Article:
Check out these recent Hot Topic articles! Visit this page regularly to find links to new articles that will keep you informed and engaged.
U.K. researchers have discovered depression has different effects on the brain activity of male and female patients in certain brain regions.
The National Institute of Mental Health estimates that 18.1 percent of the US population suffers from chronic anxiety. But that number only includes those individuals who have been formally diagnosed with an anxiety disorder. The percentage of people who get anxious but don’t meet criteria for a formal disorder is much, much higher. That’s because anxiety is a natural human response to life circumstances. Though it affects everyone differently, it’s a pretty universal fact of life. At some point in our lives, we’ll all experience some form of anxiety. The question is, how do we manage it?
Many of us are all too used to bashing ourselves. And it’s not surprising. In our society, we’re taught that being hard on ourselves and ashamed of everything from our actions to our looks gets results.
Exercise slumps, relationship ruts, and overall mental funks happen to the best of us. But while getting stuck is inevitable, staying there isn't. "Plateaus are perfectly normal—the human body is wired to adapt to things," says mathematician Hugh Thompson, PhD, who, along with investigative reporter Bob Sullivan, spent more than two years interviewing psychologists, CEOs, pro athletes, and scientists on what drives success—and what stalls it—for their new book The Plateau Effect. Here, they reveal the traps that threaten to flatline your progress.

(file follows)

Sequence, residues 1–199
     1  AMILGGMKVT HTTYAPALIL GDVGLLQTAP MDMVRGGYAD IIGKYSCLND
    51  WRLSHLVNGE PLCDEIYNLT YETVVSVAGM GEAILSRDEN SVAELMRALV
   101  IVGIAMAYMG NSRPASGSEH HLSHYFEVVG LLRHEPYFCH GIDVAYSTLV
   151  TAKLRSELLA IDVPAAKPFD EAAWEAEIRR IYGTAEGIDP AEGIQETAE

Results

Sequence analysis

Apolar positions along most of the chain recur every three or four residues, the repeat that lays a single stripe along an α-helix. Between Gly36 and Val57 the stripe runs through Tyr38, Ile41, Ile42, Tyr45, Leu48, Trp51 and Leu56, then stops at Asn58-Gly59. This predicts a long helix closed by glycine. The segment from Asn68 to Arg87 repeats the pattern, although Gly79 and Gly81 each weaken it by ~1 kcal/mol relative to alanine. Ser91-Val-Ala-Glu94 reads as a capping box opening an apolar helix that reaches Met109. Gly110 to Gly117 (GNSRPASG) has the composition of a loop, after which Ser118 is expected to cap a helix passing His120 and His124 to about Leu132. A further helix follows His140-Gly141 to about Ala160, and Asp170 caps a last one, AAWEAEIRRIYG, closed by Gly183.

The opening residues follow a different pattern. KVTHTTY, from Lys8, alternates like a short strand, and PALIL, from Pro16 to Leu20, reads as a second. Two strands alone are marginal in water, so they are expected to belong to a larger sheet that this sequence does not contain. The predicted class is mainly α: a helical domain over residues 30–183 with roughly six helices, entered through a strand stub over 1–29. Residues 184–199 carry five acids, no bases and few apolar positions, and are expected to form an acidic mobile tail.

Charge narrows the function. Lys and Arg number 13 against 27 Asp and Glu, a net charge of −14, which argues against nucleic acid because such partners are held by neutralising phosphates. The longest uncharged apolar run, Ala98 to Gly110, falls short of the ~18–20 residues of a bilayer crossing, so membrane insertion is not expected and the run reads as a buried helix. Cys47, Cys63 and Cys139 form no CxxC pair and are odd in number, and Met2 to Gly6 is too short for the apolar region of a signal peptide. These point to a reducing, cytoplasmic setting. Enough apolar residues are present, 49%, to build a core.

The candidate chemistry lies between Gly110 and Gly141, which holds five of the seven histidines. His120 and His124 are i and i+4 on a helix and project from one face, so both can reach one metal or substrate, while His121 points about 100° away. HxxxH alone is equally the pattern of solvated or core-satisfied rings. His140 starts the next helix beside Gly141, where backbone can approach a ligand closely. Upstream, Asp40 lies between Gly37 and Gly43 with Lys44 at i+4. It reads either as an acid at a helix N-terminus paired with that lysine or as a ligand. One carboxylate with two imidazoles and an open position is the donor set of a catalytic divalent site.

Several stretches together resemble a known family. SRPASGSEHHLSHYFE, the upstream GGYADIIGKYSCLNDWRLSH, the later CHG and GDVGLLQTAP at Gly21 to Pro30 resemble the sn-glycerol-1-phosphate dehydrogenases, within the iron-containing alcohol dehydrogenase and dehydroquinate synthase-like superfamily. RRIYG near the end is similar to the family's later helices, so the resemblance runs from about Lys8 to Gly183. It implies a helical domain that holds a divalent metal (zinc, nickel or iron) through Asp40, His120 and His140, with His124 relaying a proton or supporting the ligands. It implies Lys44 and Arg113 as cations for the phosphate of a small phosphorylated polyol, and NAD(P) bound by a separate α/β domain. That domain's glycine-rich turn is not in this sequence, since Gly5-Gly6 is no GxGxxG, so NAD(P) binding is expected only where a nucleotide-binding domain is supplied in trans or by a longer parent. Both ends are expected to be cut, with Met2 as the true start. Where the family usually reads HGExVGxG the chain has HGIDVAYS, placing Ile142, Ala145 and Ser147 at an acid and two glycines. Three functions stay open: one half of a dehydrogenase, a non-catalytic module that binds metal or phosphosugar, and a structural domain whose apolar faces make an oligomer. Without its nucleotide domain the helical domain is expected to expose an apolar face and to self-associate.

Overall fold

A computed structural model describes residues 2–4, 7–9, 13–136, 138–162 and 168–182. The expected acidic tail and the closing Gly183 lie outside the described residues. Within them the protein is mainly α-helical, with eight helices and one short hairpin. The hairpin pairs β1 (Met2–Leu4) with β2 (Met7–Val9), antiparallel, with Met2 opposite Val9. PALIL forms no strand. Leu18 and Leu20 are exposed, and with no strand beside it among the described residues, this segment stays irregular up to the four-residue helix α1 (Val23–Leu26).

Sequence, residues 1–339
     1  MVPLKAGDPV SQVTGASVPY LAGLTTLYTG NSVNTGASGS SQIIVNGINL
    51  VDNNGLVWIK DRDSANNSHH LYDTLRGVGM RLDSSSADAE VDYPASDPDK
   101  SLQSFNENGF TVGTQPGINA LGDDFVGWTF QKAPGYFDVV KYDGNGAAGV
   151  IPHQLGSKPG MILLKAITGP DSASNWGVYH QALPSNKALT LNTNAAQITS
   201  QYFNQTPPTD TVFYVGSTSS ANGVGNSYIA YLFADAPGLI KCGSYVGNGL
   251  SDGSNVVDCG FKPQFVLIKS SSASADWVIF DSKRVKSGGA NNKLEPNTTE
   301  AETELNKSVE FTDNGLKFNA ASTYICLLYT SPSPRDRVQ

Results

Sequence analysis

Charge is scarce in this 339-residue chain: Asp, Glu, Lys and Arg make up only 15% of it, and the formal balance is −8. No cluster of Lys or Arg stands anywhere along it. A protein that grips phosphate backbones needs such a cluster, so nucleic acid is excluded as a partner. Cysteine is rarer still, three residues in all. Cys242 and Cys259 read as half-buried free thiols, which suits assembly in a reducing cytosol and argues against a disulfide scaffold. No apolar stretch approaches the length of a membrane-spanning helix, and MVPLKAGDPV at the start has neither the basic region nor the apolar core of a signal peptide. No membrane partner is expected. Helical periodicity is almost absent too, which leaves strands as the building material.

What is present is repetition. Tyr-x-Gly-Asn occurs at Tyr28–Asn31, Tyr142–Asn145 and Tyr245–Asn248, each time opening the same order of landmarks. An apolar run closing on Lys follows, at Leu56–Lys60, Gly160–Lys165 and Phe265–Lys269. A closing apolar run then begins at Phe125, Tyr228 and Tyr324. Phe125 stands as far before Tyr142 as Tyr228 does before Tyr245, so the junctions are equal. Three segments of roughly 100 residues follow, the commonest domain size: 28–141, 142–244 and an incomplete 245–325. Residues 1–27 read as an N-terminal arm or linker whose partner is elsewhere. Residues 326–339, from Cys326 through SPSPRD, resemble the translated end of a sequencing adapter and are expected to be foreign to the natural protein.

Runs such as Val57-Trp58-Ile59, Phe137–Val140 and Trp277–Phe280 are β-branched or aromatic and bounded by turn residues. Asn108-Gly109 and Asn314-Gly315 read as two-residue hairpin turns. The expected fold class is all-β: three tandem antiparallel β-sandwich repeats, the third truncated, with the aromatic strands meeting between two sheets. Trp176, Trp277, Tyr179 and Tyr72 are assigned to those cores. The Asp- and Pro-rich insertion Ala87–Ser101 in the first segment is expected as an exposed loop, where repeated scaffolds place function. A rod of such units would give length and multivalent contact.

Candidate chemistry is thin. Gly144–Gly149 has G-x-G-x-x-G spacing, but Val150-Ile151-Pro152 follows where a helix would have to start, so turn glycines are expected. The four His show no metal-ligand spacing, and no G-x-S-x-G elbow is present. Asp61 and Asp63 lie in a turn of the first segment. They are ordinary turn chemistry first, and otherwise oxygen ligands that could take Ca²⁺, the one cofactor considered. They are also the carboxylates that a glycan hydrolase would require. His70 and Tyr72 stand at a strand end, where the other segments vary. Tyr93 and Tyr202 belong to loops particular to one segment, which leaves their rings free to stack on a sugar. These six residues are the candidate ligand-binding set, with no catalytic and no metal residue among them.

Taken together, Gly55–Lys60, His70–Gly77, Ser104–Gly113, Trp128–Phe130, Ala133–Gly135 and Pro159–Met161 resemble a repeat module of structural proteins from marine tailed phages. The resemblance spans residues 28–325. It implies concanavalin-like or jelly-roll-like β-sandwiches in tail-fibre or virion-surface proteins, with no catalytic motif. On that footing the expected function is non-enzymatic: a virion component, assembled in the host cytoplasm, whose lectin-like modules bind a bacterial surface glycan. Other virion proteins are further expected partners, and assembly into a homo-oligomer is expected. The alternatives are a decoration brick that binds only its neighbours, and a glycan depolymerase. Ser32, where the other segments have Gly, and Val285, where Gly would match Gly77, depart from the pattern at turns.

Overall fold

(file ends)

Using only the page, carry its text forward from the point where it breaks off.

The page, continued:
No one likes to be rejected. Unfortunately, lesbian, gay, bisexual, transgender and questioning (LGBTQ) people experience a lot of rejection and oppression that lead to depression and other mental illnesses. As a pansexual, I have experienced my fair share of biphobia and homophobia in the past. While it certainly isn’t easy or fun to talk about, raising awareness is the only way of abolishing discrimination towards the LGBTQ community and reduce the rejection queer people face and their depressions.
Did you know that the number one thing couples fight about is nothing? After observing thousands of couples in our Love Lab for more than four decades, we discovered that most couples were not arguing about specific topics like finances, sex, parenting, or dealing with difficult in-laws.